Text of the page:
The Classical Film.doc

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Department
Innis College Courses
Course
INI100H1
Professor
Corinn Columpar
Semester
Winter

Description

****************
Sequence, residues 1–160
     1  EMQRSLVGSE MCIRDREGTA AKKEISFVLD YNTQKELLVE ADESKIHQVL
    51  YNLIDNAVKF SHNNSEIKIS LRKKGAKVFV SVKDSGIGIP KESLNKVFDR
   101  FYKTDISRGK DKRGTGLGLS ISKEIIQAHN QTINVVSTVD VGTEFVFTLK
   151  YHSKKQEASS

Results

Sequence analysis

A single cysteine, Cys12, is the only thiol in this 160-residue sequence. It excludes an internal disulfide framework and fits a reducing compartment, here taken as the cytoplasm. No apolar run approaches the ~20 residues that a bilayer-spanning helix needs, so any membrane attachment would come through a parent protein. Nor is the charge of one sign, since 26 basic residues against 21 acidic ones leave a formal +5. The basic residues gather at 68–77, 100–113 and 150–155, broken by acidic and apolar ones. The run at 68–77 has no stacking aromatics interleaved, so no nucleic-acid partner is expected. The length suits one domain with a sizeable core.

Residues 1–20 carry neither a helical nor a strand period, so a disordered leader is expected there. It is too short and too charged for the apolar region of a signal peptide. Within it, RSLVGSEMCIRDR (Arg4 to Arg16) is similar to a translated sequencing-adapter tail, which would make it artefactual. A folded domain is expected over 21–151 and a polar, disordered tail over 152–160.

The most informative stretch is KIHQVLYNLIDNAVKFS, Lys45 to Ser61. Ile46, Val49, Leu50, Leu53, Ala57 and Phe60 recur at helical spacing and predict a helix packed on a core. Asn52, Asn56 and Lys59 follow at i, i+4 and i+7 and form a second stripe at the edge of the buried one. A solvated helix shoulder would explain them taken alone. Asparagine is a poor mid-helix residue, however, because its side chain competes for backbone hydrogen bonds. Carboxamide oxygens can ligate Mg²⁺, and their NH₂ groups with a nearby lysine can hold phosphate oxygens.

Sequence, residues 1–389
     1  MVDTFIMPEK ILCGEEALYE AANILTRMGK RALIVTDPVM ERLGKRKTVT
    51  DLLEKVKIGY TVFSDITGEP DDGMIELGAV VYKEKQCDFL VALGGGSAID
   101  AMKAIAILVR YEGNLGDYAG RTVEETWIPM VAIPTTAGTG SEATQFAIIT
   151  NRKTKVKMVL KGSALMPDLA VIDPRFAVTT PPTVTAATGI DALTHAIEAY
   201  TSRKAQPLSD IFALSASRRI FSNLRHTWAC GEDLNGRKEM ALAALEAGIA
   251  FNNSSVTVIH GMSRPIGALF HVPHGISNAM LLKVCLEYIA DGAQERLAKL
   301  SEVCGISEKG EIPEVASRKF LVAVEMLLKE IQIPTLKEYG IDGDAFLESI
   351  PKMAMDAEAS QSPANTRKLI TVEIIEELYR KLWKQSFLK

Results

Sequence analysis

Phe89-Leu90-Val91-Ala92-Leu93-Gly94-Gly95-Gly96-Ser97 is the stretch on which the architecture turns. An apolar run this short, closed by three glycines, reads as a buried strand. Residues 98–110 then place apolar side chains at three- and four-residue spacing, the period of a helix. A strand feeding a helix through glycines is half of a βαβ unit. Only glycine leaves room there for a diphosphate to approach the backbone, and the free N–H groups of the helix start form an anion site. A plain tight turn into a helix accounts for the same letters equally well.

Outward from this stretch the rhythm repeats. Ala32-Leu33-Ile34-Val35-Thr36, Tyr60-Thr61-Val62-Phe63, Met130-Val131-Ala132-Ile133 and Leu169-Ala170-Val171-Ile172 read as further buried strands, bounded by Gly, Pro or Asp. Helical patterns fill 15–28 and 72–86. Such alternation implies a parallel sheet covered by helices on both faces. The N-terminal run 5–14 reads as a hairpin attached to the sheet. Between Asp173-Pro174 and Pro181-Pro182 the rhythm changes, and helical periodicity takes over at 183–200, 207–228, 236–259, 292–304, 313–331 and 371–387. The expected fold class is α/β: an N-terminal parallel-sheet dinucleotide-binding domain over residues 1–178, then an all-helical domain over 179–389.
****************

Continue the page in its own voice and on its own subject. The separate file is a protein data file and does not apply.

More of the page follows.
The Classical Film Review + Outline for Second Semester • narrative or non narrative system ◦ narrative, rhetorical, categorical, associational, abstract • stylistic system ◦ describe film's overall form, determine primary techniques & interactions, identify patterns, propose functions • Formal analysis demands a focus on films as self-sufficient entities and thus an exclusive privileging of the textual ◦ demands that we view the film as a text w/ an internal system, disregarding exte- rior ◦ not the only way to study film or find meaning bc there is always external context ◦ for 2nd semester: going beyond the textual • EXTRATEXTUAL ◦ things that surround the film discursively and materially, that help us to make meanings out of the text ◦ examples: ■ publicity - how a film advertises itself ■ reviews - pertinent to film scholars and critiques, very often used in pub- licity ■ DVD bonus materials - commentary, deleted scenes, etc.; informs our in- teractions with film ■ academic analyses - also influence the meaning we make from films ■ social reality - ex. Zero Dark Thirty, about the capture of Osama Bin Laden - impossible to watch without thinking about the larger social reality that it is apart of ◦ documentary film - contract btwn filmmaker and spectator thru publicity, testimo- ny, commentary, etc. • INTERTEXTUAL ◦ the relationship between film texts ◦ some films demand to be read intertextually; ex. Zero Dark Thirty is associated with Catherine Bigelow's previous film, The Hurt Locker, which deals with similar matter; critics also relate it to Homeland ◦ intertextual reference is in general a reference to another work of art ◦ in film, it may be an implicit or explicit reference to another film, work of art, or text ◦ ex. Quentin Tarantino makes many intertextual references; referring to Django (spaghetti westerns), blaxploitation films ◦ avant garde - "critical cinema" responding to dominant cinema (Very Nice, Very Nice was a collage of other clips, recontextualized) The Classical Film • The classical film derives from classical Hollywood cinema ◦ produced by Hollywood from late teens through 50s ◦ "Golden Age" of Hollywood: 1930s-1950s; when the classical film was perfected and prevailed ◦ keep in mind other national cinemas also produced classical films; Hollywood has been most dominant • The Big Five Studios ◦ MGM, Paramount, Warner Bros, 20th Century Fox, RKO ◦ 3 noteworthy things: The Classical Film ■ vertically integrated - not only produced but owned and operated distribu- tion and exhibition; in control of all stages of film circulation ■ had labour under contract - would draw on fixed pool of labour to assem- ble cast and crew ■ each studio had its own identity based on leading actors on contract and other factors ■ MGM - musicals, high production ■ Paramount - European, urbane, expressionistic lighting, more so- phisticated humour ◦ SERIAL MANUFACTURING ■ the Hollywood was less defined by its desire to make individual films, but to sustain ongoing slate of films to ensure repeat customers, provide fa- miliarity ■ have to make films quickly and systematically, thus adopt: ◦ THE PRODUCER-UNIT SYSTEM ■ one producer would be responsible for preproduction, production, post- production - would hire cast and crew from contracted pool of labour ■ lead to formation of classical system ■ result of this: constant circulation of labour within any given studio, thus
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